Wednesday, May 11, 2011
X-amining X-Men #108
In a Nutshell
Phoenix repairs the M'Kraan Crystal and saves all of reality
Writer: Chris Claremont
Artist: John Byrne
Inker: Sam Grainger
Letterer: Tom Orzechowski, Denise Wohl
Colorist: Andy Yachus
Editor: Archie Goodwin
As the M'Kraan Crystal opens, Cyclops explains to the rest of the X-Men what is happening. Meanwhile on Earth, Dr. Corbeau confers with the President, the Fantastic Four and the Avengers, but no one knows how to prevent future reality blinks. Back on the planet of the M'Kraan Crystal, the first of the crystal's guardians, Jahf, emerges. After knocking Wolverine into orbit, Jahf is destroyed when Banshee, guessing the guardian to be a robot, destroys it with a tightly focused sonic scream. As Jahf is defeated, the second guardian, Modt, emerges from the crystal.
As the X-Men attack Modt, Raza hurls D'Ken onto the crystal, causing D'Ken, the X-Men and the Starjammers to be pulled inside. Within the crystal, they are all forced to face their worst fears and memories. Phoenix recovers quickly and knocks out Cyclops before his out-of-control blast can harm anyone, but he strikes the heart of the crystal, causing it to crack. Sensing that the crystal houses a neutron galaxy filled with anti-matter that, if released, will destroy the universe, Phoenix attempts to repair the energy lattice holding the galaxy in check. But as Phoenix, she is being of energy, and the neutron galaxy absorbs energy, so she must draw on the life forces of the X-Men and the Starjammers to boost her power. Manifesting herself as a fiery bird, Phoenix repairs the heart of the crystal, containing the neutron galaxy. On Earth, Firelord and Professor X stand guard at the stargate as the X-Men emerge, triumphant.
Firsts and Other Notables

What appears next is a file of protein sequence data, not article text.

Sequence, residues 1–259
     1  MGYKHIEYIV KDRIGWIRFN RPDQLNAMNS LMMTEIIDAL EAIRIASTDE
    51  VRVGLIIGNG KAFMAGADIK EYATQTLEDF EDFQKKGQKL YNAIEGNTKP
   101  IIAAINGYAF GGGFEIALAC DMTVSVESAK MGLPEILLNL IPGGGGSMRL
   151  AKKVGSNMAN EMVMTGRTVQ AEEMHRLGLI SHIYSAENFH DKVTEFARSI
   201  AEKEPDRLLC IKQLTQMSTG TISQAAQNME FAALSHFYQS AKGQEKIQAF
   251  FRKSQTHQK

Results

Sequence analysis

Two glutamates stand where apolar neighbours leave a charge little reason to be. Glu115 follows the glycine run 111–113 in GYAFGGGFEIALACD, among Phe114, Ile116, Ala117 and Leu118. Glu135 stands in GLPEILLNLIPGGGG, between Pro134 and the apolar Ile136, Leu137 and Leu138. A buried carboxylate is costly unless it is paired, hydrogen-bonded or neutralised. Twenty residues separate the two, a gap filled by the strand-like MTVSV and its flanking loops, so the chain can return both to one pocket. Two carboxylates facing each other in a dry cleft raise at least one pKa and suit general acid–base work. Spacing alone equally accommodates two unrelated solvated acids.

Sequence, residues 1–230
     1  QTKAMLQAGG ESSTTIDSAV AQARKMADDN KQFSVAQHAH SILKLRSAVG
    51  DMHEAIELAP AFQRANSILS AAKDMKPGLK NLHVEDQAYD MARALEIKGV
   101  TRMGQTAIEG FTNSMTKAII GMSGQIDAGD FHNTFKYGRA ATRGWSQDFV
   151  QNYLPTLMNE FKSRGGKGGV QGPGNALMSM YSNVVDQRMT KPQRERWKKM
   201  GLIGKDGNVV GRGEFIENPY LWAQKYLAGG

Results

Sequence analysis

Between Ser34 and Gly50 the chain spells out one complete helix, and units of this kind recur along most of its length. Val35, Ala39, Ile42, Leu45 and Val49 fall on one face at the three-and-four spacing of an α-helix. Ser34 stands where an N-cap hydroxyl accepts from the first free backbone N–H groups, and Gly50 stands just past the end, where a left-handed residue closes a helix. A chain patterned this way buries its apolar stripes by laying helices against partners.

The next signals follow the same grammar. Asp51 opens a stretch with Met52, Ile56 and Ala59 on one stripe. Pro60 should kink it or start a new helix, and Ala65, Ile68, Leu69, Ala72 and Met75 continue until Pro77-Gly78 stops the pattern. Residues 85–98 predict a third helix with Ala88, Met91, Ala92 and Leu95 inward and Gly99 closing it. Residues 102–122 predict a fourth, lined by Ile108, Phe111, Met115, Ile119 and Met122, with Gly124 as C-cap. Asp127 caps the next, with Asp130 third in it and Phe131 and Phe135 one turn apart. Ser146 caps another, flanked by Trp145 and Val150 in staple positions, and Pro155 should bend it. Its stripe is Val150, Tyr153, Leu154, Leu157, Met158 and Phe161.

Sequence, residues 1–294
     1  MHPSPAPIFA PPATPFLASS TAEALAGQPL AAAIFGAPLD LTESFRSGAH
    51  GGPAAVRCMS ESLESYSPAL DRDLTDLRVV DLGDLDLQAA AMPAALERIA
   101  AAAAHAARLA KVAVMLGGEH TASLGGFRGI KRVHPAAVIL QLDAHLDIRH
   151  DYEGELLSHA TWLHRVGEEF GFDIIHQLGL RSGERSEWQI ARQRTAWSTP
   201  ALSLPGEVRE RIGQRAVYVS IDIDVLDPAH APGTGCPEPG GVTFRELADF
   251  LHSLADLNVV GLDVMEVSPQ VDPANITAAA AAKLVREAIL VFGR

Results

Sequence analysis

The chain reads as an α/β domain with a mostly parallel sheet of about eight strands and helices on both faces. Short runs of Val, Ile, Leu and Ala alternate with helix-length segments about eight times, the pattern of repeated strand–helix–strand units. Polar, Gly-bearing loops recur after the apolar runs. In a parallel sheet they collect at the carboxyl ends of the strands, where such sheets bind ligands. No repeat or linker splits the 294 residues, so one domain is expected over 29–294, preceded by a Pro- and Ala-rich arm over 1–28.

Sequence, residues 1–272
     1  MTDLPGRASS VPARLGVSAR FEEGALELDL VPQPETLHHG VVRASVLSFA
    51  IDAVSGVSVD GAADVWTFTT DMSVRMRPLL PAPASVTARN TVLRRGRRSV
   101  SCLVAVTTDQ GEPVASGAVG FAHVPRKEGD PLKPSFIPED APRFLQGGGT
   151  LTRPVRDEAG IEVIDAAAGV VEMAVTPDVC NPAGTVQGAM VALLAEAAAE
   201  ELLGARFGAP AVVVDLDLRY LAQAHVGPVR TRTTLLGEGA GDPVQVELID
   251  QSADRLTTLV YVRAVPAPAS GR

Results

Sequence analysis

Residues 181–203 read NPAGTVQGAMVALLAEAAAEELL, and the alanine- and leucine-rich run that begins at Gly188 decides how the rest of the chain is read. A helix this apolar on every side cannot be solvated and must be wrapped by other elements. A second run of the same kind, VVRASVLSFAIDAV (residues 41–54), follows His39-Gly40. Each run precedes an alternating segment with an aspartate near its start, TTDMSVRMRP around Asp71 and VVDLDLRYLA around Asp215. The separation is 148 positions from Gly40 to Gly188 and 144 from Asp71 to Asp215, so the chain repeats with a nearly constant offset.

This issue marks the beginning of the acclaimed Claremont/Byrne run as penciller John Byrne (along with inker Terry Austin) join the book as the new art team. A devotee of Neal Adams, Byrne brings a more realistic look to the book following the then-more traditional superhero art of Dave Cockrum. Together, over the course of the next 35 issues (barring one fill-in) Claremont and Byrne will craft one of the most notable runs of superhero comics ever, a run that is arguably the most significant in X-Men history.
It is revealed that Corsair, the leader of the Starjammers, is Cyclops' father, though only he, Phoenix and Storm are aware of it at this time. His real name (Major Christopher Summers) is also revealed.
To a much lesser extent, this is the first appearance of the Starjammer's titular ship (though it looks different than it will in future appearances) as well as their computer/pilot Waldo. Guardians of the M'Kraan Crystal Jahf and Modt also appear for the first time; the former will pop up again years down the road.
A Work in Progress
As has been the norm of late, Wolverine charges headlong in battle and gets taken out of the fight early as a result; here, Jahf punches him into orbit.